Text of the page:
Richard Houchin

I read a lot of Star Wars novels in Jr. High. It took a few dozen books before I realized many of them just weren't all that stellar. Ah, well, I'll squirrel away the memories on the internet and free up a book shelf.This one was better as a movie.

Sebastien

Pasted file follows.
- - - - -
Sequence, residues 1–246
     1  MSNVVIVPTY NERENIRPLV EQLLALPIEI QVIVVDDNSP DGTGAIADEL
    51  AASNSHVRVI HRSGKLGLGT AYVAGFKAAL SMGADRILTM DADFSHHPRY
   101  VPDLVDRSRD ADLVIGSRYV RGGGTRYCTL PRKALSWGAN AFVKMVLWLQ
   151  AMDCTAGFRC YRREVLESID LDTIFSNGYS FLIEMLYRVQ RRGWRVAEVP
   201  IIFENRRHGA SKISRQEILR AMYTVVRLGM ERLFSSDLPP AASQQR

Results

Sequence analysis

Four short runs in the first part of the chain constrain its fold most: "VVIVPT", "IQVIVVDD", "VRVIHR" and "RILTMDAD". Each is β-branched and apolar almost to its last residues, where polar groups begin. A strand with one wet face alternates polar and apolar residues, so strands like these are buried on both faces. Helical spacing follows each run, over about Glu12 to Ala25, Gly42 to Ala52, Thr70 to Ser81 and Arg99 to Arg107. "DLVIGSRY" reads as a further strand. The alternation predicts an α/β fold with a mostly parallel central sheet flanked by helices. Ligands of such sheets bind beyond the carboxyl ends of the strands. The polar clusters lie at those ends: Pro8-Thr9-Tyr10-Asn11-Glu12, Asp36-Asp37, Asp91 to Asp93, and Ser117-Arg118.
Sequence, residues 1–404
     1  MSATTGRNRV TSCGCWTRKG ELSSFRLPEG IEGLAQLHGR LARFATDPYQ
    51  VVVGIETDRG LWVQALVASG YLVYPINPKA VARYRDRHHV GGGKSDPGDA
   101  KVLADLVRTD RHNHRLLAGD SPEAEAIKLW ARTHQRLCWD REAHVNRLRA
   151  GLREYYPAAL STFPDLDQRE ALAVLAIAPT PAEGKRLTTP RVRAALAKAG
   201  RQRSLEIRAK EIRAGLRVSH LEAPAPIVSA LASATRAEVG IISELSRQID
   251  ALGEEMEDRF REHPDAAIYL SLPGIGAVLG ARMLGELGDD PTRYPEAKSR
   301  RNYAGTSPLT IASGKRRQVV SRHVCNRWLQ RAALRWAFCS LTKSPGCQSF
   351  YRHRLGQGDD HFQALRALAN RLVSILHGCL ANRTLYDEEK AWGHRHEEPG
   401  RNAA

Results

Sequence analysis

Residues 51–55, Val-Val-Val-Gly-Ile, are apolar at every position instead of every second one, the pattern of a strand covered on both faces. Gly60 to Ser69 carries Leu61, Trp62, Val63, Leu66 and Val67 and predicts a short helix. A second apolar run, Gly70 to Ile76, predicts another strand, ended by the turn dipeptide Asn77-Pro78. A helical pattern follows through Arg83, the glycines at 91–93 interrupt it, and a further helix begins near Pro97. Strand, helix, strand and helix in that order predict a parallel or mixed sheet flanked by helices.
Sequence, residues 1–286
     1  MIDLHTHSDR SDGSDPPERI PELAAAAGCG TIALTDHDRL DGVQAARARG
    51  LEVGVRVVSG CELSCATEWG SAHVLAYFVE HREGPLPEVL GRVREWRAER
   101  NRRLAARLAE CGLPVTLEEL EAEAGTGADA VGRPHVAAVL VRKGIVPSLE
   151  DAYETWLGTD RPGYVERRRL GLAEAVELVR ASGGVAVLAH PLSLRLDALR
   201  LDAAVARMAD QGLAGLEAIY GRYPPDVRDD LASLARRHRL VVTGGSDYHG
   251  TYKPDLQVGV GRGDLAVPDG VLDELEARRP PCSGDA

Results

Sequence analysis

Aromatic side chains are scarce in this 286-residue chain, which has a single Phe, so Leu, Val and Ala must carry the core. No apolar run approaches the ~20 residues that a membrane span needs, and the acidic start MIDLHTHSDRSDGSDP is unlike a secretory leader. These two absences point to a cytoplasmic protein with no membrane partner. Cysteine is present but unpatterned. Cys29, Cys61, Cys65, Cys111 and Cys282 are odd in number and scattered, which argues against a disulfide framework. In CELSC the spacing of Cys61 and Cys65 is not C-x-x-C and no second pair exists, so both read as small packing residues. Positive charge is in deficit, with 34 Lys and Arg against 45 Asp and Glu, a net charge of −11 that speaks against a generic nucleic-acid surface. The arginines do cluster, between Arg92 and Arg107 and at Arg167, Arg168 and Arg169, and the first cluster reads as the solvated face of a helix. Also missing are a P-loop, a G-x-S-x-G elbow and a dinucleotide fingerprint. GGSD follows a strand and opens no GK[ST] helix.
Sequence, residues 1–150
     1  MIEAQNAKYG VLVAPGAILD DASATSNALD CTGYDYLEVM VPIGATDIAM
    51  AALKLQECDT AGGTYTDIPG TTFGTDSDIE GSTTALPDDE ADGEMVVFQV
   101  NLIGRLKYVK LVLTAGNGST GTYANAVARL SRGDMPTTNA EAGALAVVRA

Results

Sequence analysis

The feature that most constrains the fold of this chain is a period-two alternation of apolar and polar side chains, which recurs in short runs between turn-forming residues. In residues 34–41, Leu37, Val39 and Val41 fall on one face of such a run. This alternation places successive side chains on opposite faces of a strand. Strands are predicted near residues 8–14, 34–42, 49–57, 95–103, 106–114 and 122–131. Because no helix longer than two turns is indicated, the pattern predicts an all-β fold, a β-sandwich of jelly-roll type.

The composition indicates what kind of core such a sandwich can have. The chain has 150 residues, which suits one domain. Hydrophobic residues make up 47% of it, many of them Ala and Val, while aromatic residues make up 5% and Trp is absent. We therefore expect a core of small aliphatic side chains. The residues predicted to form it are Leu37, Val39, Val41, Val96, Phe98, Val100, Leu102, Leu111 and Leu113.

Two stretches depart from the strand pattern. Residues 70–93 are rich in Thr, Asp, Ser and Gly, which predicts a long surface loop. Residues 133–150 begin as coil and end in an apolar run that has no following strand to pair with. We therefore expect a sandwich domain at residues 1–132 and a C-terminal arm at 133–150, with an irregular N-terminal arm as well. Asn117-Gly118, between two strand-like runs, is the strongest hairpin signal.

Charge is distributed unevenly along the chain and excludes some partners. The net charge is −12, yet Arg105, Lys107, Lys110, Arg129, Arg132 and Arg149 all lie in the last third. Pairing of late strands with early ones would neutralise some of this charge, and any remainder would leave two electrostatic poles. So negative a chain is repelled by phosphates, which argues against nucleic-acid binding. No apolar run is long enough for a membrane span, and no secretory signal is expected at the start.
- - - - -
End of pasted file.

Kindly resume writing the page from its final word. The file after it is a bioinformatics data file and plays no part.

Après avoir lu le livre de l'épisode IV j'ai demander à mon père si son amis avait le livre suivant. Il s'informa et comble du malheur, il ne l'avait pas. Je suis dons aller à la bibliothèque et comme je n'avais pas vue les films depuis longtemps et qu'il ne repasseraient pas avant janvier 1993 (ils les passaient toujours dans ce coin là), j'ai demander à la bibliothèque d'avoir le livre qui était après La Guerre des Étoiles. Le commis me sortie alors Le Retour du Jedi. À cette époque je n'avais pas les films sur cassette (ils étaient rare et j'attendais la prochaine diffusion pour avoir une copie) donc dans ma tête j'avais oublier qu'en fait la suite était L'Empire Contre-Attaque. J'ai donc pris la décision de partir avec le livre et m'empresser de le lire par temps libre.Je commence alors la lecture et mon dieu que je trouvais qu'il manquait de background. Han Solo était emprisonner avec Jabba et Luc allait à sa rescousse. Bien que l'auteur décrivait bien en résumer ce qui s'était passé avant, je trouvais l'écart un peu abrupte. J'ai donc continuer sans poser de question, mais quand je suis arriver à la scène avec Yoda, j'ai tout de suite compris que j'avais passer un livre. Je suis donc aller à la bibliothèque pour me rendre compte que le commis ne connaissait pas la série et qu'il pensait qu'il y avait juste 2 livres et qu'ils n'avaient pas le deuxième livre.J'ai donc mis le livre sur pause le temps de revoir les film et ensuite j'ai terminer de lire le livre, qui est à mon avis à la hauteur du film avec les détails en plus. Le film rend très bien le livre et on voit que le livre fut écrit après le film, mais comme l'oeuvre entière de La Guerre des Étoiles, ce livre est un chef d'oeuvre pour les enfants et les ado. Les adulte y trouve aussi leur compte, mais doivent laisser tomber la logique un peu.Donc recommander à toute personne voulant découvrir la science fiction, n'oubliez pas cependant qu'il y a trois livre dans la série de La Guerre des Étoiles.